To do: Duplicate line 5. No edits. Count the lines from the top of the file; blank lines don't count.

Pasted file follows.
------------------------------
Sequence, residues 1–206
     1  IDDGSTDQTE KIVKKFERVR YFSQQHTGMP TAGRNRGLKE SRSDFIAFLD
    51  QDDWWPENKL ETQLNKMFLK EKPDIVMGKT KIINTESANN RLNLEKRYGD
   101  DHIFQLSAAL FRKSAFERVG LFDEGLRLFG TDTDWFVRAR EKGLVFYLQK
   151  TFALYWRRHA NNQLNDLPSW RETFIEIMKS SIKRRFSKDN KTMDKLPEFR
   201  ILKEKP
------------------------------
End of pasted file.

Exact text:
   151  TFALYWRRHA NNQLNDLPSW RETFIEIMKS SIKRRFSKDN KTMDKLPEFR